Megan Abrahams reviews Christine Frerichs’ Serenade in ARTPULSE Magazine 12.1.15
Christine Frerichs: Serenade
By Megan Abrahams
The metaphor of music permeates this series of paintings by Christine Frerichs – characterized as they are by mood, the gradation of color building towards crescendo, composition approached with almost mathematical deliberation and flowing lyricism of line. The artist connected this series to music, in particular, music as a statement of romantic love. Fittingly, the exhibit is named Serenade, in reference to one of the largest paintings. “This body of work touched on how abstraction can stem from emotive states,” the artist said, in a one-on-one conversation at the gallery during the run of her show.
Riveting for their layered complexity, richness of texture and dramatic color, the paintings are also infused with narrative significance, like painted memoir. For Frierichs, the larger canvases – those approaching the size of a human body – are symbolic portraits, abstract embodiments of a person or people. In them, the artist delves into the feelings evoked by relationships, and the building of personal identity.
The genesis of this recent work is a previous series of ten paintings, in which Frerichs created allegorical motifs to describe what she calls, “the stages individuals go through to become who we are through vulnerability.” Under each canvas, she articulated a figure 8, an abstracted rendition of the human form. In the new series, Frerichs re-contextualized the figure 8 further, breaking it down into subtle repeated lines. Beginning with a thick layer of acrylic modeling paste, she carved grooves, creating a figure 8 pattern based on the scale of her own body. The curved lines repeat like ripples. Partly derived from the artist’s observations of how ocean tides meet, creating cross-currents that may be gentle or full of friction, the paintings are also meant to represent the dynamic between partners in a relationship.
The underlying concept was also inspired by Brancusi’s sculpture, The Kiss, in which two integrated figures are carved from a single stone. In each painting, the artist joined two canvases to construct one composition, dividing the symbolic figure in half. The half figures represent two beings coming together, forming a whole. Alluding to the inherent paradox in the way the halves reflect, Frerichs said, “The meeting point is the place they split.”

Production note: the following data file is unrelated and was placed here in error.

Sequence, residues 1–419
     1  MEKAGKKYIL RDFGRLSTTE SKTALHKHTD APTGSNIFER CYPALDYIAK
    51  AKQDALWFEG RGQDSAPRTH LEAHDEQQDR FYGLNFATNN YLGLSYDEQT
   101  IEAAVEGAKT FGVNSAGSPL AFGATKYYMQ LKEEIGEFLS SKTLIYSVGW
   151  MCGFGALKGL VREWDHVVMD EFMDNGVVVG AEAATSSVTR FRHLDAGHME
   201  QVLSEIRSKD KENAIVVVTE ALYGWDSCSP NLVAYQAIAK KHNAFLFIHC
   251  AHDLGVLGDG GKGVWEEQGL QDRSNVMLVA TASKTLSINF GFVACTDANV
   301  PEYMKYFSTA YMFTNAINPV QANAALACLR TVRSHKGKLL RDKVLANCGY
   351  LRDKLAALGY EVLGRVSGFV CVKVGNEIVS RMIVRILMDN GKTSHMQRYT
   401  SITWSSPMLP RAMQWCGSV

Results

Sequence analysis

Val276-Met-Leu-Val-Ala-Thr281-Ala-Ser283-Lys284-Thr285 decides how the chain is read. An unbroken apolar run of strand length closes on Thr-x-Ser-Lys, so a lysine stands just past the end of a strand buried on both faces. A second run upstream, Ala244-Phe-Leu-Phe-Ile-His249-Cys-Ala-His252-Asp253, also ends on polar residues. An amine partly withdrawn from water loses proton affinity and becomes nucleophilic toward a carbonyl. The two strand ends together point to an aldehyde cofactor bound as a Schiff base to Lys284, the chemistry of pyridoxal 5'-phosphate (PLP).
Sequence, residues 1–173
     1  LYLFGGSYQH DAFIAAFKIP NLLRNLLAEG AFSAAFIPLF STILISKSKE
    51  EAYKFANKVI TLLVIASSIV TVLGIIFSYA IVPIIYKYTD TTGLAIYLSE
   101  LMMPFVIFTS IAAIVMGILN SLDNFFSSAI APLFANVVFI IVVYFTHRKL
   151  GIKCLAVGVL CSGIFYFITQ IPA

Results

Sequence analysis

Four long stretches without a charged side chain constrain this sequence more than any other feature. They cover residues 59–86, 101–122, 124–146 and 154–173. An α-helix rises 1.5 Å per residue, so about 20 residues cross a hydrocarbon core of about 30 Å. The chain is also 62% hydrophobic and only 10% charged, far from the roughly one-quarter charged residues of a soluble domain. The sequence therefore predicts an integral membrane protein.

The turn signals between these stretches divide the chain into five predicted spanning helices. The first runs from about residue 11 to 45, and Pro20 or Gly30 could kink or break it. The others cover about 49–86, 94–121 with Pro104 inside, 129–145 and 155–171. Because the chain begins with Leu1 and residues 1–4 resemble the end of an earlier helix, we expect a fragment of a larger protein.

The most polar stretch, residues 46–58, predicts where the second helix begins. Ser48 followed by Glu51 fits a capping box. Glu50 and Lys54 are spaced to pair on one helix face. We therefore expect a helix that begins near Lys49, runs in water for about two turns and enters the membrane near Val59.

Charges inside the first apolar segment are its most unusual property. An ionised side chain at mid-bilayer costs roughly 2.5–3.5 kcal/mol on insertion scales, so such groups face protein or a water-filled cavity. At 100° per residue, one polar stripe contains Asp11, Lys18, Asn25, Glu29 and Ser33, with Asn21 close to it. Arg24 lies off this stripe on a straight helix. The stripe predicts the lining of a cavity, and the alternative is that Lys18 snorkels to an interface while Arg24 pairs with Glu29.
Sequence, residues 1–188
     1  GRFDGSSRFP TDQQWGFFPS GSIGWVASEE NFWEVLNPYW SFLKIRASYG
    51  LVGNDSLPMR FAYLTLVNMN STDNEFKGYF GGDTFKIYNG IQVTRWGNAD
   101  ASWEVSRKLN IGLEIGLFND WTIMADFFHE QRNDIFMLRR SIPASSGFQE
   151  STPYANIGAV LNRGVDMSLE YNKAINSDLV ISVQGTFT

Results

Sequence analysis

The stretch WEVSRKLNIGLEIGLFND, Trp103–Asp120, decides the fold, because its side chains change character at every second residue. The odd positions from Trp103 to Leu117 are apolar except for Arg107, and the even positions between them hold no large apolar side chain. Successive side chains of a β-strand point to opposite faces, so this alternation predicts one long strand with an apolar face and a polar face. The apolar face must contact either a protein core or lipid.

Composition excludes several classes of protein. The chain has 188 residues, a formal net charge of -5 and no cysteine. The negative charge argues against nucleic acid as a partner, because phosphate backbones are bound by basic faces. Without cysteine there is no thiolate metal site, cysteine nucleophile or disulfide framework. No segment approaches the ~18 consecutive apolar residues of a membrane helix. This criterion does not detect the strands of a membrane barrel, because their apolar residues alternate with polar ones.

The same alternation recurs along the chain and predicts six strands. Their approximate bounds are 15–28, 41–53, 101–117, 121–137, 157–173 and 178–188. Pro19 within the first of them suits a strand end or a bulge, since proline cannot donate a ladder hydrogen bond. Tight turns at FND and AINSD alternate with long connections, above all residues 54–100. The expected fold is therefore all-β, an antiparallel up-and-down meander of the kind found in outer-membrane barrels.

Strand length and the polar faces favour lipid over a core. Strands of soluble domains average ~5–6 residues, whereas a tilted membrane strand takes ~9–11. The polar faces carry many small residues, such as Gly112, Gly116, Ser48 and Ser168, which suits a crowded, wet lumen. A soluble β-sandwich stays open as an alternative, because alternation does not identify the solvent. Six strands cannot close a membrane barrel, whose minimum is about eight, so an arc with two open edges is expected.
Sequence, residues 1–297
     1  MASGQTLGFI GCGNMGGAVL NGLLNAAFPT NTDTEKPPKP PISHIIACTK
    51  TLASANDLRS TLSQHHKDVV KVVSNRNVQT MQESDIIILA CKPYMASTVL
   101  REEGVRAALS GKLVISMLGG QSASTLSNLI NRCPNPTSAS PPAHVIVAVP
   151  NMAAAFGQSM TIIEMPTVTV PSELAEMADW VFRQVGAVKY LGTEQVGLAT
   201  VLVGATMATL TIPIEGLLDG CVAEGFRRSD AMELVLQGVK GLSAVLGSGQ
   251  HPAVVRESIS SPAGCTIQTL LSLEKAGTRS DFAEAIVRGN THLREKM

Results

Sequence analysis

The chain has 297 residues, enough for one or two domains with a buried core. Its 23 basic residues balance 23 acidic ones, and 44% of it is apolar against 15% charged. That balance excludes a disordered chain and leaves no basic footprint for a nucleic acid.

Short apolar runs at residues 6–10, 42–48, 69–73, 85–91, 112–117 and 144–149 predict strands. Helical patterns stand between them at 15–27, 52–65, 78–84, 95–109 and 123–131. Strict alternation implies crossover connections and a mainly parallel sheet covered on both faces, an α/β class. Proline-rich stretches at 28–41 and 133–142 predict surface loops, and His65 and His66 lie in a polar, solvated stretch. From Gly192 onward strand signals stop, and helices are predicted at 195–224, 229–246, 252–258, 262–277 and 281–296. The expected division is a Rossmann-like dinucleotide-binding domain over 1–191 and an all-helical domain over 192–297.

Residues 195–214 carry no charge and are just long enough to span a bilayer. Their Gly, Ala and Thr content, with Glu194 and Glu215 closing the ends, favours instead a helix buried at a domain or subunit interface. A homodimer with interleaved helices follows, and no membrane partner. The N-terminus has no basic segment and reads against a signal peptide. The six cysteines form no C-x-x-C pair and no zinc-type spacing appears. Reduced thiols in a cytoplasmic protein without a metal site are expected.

Beyond the abstract reference to figures, the works evoke landscape, water and sky, connoting the light and atmosphere of New York, Lake Tahoe and Los Angeles – places with special emotional meaning in the artist’s life. Up close, the fine marks across the surface almost appear pointillist in technique. From a distance, the canvases glow with diffused light – a gradation of color and intensity with a palette ranging from modulated light-filled pastels to dark colors with depth and intensity, expressing an emotional spectrum from ecstasy to heartbreak.
A series of smaller paintings, (each 8.5 x 11 inches, oil on canvas) in the gallery’s project room, are like letters Frerichs has written to herself, or, ”diagrams to describe relationships I’ve had in my life, or loves or places I’ve been.” Like studies, they are light-hearted steppingstones to the stunning emotionally charged larger works – the profound rendition of the artist’s unbridled introspection.